13) Cochin | Saison with lemongrass tea | Azadi Brewing | Chicago, IL | 5.2% ABV – listen
Azadi excels when they make beers using Indian ingredients and Cochin definitely is no exception. Using lemongrass tea from Southern Indian states, Cochin amazingly and deftly balances the lemony and grass characteristics and melds it exceedingly well with the base saison. The saison does shine through a bit, but you’re going to want more of that lemongrass. It somehow manages to taste like summer – refreshing lemon with some freshly mowed grass. I have no idea how they managed it, but it works so well. Hopefully this is a summer seasonal beer as I would like more of this for those upcoming hot Chicago summer days. Summer in a can.
12) Gloe | Mixed Fermentation Saison in Oak Barrels with La Crescent grapes | Supermoon Beer Co. | Milwaukee, WI | 6.5% ABV – listen
Supermoon’s been killing it in my eyes and it doesn’t stop with Gloe. While the grapes are not prominent or over-the-top, they do blend well with the base saison. That base saison does a lot of the work, bringing lovely lemon and spice notes along with just the right amount of funk. And that’s really what made this beer stand out. Hints of cheese, locker room, and barn hit you on the aroma. When drinking it, however, they stay restrained, giving you just a little bit of it. The grapes bring in some light tannins and dryness to everything and the beer works as a whole exceedingly well. If only one aspect was out of whack, Gloe probably would’ve ranked lower on the show for me. You get a range of flavors that never veers too far to one side, making this something you can easily drink again and again and find new things about it.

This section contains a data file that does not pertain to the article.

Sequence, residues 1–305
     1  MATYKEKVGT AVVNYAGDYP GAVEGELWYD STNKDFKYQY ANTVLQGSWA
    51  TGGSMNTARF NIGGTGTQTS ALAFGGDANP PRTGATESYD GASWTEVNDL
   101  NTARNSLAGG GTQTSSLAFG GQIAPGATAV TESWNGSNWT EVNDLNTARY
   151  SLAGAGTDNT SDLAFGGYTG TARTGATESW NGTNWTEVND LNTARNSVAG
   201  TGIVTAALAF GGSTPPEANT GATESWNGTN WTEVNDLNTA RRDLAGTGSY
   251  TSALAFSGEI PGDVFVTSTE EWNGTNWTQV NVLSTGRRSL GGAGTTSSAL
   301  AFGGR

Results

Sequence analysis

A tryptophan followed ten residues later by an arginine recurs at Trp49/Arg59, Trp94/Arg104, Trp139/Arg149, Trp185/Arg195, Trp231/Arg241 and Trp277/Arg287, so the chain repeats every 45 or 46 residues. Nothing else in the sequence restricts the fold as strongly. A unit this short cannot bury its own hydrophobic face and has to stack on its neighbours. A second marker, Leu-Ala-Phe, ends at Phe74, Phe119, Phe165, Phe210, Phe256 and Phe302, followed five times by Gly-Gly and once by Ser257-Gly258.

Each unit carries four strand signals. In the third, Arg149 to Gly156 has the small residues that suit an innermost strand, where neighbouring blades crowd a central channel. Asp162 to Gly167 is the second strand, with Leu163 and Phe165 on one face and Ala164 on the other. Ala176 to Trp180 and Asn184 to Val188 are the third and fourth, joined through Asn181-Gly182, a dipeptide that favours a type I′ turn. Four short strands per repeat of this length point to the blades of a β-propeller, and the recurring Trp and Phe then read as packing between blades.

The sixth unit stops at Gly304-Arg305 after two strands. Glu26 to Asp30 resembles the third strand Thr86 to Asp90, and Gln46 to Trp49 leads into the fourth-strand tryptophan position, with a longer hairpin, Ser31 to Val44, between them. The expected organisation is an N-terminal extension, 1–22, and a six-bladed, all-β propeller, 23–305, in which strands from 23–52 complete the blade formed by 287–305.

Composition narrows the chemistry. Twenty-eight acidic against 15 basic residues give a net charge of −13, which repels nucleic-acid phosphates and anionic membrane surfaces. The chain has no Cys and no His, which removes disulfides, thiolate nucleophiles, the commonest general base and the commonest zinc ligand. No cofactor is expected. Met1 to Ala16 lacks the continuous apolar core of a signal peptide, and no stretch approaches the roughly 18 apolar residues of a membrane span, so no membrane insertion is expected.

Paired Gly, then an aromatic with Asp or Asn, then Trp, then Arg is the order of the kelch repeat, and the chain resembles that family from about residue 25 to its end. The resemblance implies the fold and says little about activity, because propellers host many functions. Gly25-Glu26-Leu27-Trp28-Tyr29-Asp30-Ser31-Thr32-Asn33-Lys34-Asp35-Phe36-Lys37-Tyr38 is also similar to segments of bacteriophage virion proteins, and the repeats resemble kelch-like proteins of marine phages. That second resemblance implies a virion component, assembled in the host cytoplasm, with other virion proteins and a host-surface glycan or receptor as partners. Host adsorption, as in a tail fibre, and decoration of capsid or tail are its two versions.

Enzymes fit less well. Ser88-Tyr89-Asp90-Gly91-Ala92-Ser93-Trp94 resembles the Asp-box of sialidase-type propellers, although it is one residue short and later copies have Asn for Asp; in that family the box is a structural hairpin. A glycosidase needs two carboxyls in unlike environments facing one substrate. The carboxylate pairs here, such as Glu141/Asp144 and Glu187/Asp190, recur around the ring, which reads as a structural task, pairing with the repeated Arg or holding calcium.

11) Mehndi Special Reserve (batch 2) | Barrel-aged Imperial Stout | More Brewing | Huntley, IL | 14.3% ABV – listen
It still matters what you put in the barrel. While 10 year Old Rip Van Winkle barrels are hard to come by, what goes in needs to be of the highest quality and More’s Mehndi certainly meets that threshold. The Mehndi stout provides all the luxurious chocolate, while the barrel provides the standard oak, vanilla and possibly even some caramel. But, as with previous beers I’ve had aged in Winkle barrels, there’s more. A big fruit note came along for the flavor ride, giving off raspberries notes that made it taste like a raspberry variant Black Forest cake. Smooth with some well-hidden ABV makes this Mehndi one to try to get a taste of if you can.